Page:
The young beautiful and bohemian swarmed into the Southbank Centre’s Purcell Rooms on Friday evening to see the premiere of critically acclaimed artist La Ribot’s latest work Llamame Mariachi (‘Call me Mariachi); a notably European audience for a European artist of note.
Following her appearance at Southbank Centre last year in the duet Gustavia, Spanish born dancer, choreographer and visual artist La Ribot’s new work is one of two halves. Opening with a twenty five minute dance film, impressively shot all in one take, the audience see a warehouse, an owl returning our gaze and then a pair of blue legs that dash us from here to there, ceiling to floor, continually disorientating and perplexing. Books, photos, lamps, fish, fire and feet all flash by in a prism of movement expertly constructed by Ribot and her collaborators, Marie Caroline Hominal and Delphine Rosay.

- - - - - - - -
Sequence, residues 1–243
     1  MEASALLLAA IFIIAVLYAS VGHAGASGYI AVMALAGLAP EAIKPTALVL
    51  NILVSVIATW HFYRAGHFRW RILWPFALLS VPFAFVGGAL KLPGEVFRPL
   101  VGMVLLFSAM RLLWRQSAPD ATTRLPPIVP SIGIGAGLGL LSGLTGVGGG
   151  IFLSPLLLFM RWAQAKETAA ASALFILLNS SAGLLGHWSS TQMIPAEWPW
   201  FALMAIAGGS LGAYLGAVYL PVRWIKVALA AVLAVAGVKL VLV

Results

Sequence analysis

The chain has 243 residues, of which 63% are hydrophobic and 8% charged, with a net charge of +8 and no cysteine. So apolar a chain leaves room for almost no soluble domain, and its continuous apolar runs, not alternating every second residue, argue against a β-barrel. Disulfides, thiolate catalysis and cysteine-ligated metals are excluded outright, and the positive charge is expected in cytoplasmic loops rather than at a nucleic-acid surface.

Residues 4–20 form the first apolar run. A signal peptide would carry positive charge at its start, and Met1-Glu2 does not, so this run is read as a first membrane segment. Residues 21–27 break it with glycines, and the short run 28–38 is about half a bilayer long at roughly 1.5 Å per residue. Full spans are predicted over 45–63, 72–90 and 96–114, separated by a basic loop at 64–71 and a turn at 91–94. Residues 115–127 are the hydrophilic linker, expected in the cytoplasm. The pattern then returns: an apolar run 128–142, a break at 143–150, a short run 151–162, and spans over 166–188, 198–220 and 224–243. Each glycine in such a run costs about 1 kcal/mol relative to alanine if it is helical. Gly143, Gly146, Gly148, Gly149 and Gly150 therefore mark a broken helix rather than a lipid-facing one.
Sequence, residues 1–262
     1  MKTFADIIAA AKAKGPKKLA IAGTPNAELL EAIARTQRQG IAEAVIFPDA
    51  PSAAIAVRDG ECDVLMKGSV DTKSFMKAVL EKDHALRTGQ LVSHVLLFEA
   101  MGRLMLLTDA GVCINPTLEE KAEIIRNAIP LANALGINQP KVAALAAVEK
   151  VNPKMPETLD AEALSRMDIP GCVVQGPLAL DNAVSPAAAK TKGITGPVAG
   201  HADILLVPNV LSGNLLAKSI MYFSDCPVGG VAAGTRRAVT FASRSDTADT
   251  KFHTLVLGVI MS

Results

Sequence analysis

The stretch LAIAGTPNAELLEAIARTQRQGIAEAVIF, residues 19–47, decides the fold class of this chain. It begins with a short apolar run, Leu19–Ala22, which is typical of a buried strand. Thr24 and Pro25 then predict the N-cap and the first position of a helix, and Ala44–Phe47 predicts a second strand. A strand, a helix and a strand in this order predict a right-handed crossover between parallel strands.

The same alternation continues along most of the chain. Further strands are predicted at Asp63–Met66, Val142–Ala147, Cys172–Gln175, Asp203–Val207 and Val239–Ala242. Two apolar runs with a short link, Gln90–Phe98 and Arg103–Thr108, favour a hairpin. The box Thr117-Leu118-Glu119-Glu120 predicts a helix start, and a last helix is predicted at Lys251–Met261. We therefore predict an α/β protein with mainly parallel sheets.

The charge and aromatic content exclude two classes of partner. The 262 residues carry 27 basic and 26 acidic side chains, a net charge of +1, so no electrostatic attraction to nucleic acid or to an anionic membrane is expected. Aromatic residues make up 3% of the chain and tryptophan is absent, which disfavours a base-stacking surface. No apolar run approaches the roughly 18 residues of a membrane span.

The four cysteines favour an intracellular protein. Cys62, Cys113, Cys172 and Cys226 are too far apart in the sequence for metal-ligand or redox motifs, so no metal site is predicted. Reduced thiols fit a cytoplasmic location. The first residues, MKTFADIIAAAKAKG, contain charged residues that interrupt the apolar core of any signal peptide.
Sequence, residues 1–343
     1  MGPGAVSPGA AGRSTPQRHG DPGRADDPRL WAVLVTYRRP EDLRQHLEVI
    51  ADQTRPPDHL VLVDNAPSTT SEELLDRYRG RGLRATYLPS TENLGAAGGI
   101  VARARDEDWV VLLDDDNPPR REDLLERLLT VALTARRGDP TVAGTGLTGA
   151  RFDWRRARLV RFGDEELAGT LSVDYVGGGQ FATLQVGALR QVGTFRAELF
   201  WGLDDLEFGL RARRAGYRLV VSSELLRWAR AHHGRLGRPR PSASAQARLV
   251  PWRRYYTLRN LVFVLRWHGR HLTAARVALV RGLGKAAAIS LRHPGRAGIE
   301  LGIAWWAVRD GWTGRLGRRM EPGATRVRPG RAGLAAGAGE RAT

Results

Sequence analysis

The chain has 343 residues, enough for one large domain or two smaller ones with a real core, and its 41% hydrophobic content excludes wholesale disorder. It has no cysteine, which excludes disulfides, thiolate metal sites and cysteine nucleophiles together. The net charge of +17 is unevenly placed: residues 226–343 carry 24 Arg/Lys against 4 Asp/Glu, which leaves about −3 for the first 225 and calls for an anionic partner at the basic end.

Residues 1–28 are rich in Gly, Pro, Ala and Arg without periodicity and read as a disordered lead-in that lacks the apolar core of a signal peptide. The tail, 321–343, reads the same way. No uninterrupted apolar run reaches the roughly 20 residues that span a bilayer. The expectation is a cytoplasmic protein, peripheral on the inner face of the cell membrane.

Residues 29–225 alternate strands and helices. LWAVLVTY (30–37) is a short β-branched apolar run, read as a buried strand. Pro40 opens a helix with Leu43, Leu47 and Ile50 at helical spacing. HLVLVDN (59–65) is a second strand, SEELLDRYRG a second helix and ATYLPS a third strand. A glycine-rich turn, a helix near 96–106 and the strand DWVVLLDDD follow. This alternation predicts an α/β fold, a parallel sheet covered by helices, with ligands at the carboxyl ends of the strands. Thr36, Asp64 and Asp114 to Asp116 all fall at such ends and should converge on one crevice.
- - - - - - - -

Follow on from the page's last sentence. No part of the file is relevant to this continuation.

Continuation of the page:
The three then appear on stage moving in at times painful, contrasting, deliberate slow-motion. Ribot announces ‘let us entertain them’ and that they do; reading and discarding seemingly unlinked but carefully choreographed passages from a sea of books on a cluttered table. Questions of the role of the performer and the audience are raised and wittily mocked. The scene descends into chaos; books are strewn across the stage, there’s trumpet playing and animal noises, cakes are thrown to the floor and bras are worn on heads. Whilst there is no real dance content the audience is simultaneously bemused and amused. In the words of Ribot herself ‘I don’t understand… but I’m not the only one’.
By Jennifer Teale
The exhibition, Move: Choreographing You is on at the Hayward Gallery, Southbank until 9 January 2011.